Onorato gains ground on Corbett in latest gubernatorial poll

Candidates for Pennsylvania governor: Attorney General Tom Corbett, Republican (left) and Allegheny County Executive Dan Onorato, Democrat.
Candidates for Pennsylvania governor: Attorney General Tom Corbett, Republican (left) and Allegheny County Executive Dan Onorato, Democrat. (Roslyn Rudolph)
Posted: September 29, 2010

Allegheny County Executive Dan Onorato, the Democratic nominee for governor, is closing the gap with the Republican front-runner, state Attorney General Tom Corbett, according to a Daily News/Franklin & Marshall College Poll.

Onorato, who trails Corbett among registered voters 33 percent to 30 percent with 37 percent undecided, is benefiting from people getting to know him through campaign commercials on television, poll director G. Terry Madonna said.

"The race has been closer than I think we have been talking about in the past," Madonna said.

Corbett's lead grows to 4 points, 36-32, among likely voters with 31 percent undecided.

In Madonna's last poll, on Aug. 26, Corbett held an 11-point lead over Onorato with likely voters, 38-27 percent, with 31 percent undecided,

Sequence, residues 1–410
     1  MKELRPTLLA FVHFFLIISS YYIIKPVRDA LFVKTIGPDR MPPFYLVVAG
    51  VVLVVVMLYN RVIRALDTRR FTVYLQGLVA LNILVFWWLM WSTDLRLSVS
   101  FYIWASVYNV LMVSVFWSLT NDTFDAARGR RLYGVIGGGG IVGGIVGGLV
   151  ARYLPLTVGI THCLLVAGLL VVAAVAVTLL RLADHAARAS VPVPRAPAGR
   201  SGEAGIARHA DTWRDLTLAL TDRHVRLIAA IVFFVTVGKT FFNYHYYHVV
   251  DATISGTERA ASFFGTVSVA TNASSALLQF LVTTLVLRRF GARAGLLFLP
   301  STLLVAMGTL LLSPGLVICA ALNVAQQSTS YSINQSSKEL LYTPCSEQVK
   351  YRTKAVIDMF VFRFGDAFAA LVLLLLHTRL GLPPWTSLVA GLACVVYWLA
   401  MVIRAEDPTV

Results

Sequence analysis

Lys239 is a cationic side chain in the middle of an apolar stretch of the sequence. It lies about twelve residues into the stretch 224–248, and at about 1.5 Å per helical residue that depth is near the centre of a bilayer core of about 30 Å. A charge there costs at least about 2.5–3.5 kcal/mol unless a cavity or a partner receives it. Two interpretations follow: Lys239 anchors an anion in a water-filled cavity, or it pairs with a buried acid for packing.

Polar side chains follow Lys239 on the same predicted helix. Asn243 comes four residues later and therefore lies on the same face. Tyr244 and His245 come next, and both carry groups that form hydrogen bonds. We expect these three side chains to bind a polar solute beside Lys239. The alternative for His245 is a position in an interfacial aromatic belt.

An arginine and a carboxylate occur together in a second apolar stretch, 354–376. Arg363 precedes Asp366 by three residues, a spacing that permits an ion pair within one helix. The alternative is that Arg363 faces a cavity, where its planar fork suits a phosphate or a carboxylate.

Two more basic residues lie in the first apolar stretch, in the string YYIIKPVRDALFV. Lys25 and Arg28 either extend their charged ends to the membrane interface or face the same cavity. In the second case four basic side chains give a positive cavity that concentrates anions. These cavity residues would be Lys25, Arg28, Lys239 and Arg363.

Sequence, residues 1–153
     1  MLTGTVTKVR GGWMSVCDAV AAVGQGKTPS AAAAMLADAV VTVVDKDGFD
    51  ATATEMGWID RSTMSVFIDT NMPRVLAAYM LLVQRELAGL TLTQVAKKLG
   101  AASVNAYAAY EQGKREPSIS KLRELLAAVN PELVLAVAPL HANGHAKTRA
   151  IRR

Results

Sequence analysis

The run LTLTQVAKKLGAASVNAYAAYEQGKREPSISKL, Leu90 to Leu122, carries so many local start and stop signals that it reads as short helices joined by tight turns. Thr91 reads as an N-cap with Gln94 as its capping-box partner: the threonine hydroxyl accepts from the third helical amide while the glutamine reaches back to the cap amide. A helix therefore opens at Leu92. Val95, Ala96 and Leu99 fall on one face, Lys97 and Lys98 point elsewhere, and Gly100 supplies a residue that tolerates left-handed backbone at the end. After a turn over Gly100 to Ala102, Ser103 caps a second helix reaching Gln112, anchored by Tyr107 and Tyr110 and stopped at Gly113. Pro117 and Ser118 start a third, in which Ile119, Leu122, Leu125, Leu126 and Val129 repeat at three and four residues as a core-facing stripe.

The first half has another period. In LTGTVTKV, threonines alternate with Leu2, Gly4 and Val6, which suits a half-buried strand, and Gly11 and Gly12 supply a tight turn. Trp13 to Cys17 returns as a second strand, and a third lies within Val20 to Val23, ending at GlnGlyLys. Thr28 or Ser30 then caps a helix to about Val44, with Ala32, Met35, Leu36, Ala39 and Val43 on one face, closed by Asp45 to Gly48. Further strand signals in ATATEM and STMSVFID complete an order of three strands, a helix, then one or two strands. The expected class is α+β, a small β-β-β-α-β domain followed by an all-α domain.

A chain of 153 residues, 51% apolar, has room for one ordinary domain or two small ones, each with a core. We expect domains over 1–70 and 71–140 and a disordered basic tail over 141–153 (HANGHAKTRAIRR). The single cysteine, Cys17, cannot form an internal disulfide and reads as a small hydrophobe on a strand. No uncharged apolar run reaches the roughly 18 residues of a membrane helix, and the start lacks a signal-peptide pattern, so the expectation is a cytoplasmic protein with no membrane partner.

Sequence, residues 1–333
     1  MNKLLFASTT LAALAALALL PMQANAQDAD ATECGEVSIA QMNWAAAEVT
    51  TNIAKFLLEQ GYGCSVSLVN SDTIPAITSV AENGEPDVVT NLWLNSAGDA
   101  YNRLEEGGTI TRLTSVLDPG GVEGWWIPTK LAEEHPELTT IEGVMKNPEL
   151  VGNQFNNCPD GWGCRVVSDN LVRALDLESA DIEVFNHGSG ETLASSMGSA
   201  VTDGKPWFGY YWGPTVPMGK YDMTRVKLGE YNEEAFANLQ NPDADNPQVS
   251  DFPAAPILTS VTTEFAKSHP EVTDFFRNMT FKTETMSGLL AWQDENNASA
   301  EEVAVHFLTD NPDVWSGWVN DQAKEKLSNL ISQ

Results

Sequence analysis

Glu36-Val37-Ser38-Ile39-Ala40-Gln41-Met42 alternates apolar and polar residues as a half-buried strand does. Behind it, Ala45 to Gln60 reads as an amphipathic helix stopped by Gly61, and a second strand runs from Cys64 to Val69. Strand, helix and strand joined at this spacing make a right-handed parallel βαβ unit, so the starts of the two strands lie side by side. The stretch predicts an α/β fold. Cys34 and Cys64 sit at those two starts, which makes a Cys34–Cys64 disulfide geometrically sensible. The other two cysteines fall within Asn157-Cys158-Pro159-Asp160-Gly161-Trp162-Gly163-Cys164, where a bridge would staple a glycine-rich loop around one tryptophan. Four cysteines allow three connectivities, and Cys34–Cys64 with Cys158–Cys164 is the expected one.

But Madonna sees trouble for Onorato when it comes to voter turnout.

Republican voters polled expressed more enthusiasm than did Democrats about voting in the Nov. 2 general election. The poll found 41 percent of Republicans declaring themselves likely voters, compared with 31 percent of Democrats.

"That's something we have not seen before," Madonna said of the 10-point spread.

And Corbett holds a more than 2-to-1 edge on Onorato in campaign contributions, according to finance reports filed last week. That will help him spread his message further as Election Day approaches.

In the race for the U.S. Senate, former U.S. Rep. Pat Toomey holds a 32-29 percent lead among registered voters against his Democratic opponent, U.S. Rep. Joe Sestak, with 39 percent undecided. Among likely voters, Toomey's lead jumps to 38-29 percent with 32 percent undecided.

Madonna noted that those numbers show little change from his Aug. 26 poll.

Again, partisan enthusiasm is at play in this race, he said. About a third of voters who supported President Obama in the 2008 election were considered most likely to vote in November, while 40 percent of voters who supported U.S. Sen. John McCain, a Republican from Arizona, are considered most likely to vote.

"I think the Senate race is really a barometer, if you will, of the national mood, and a referendum on the Obama policies and the president," Madonna said. "In that event, it dramatically favors Republicans."

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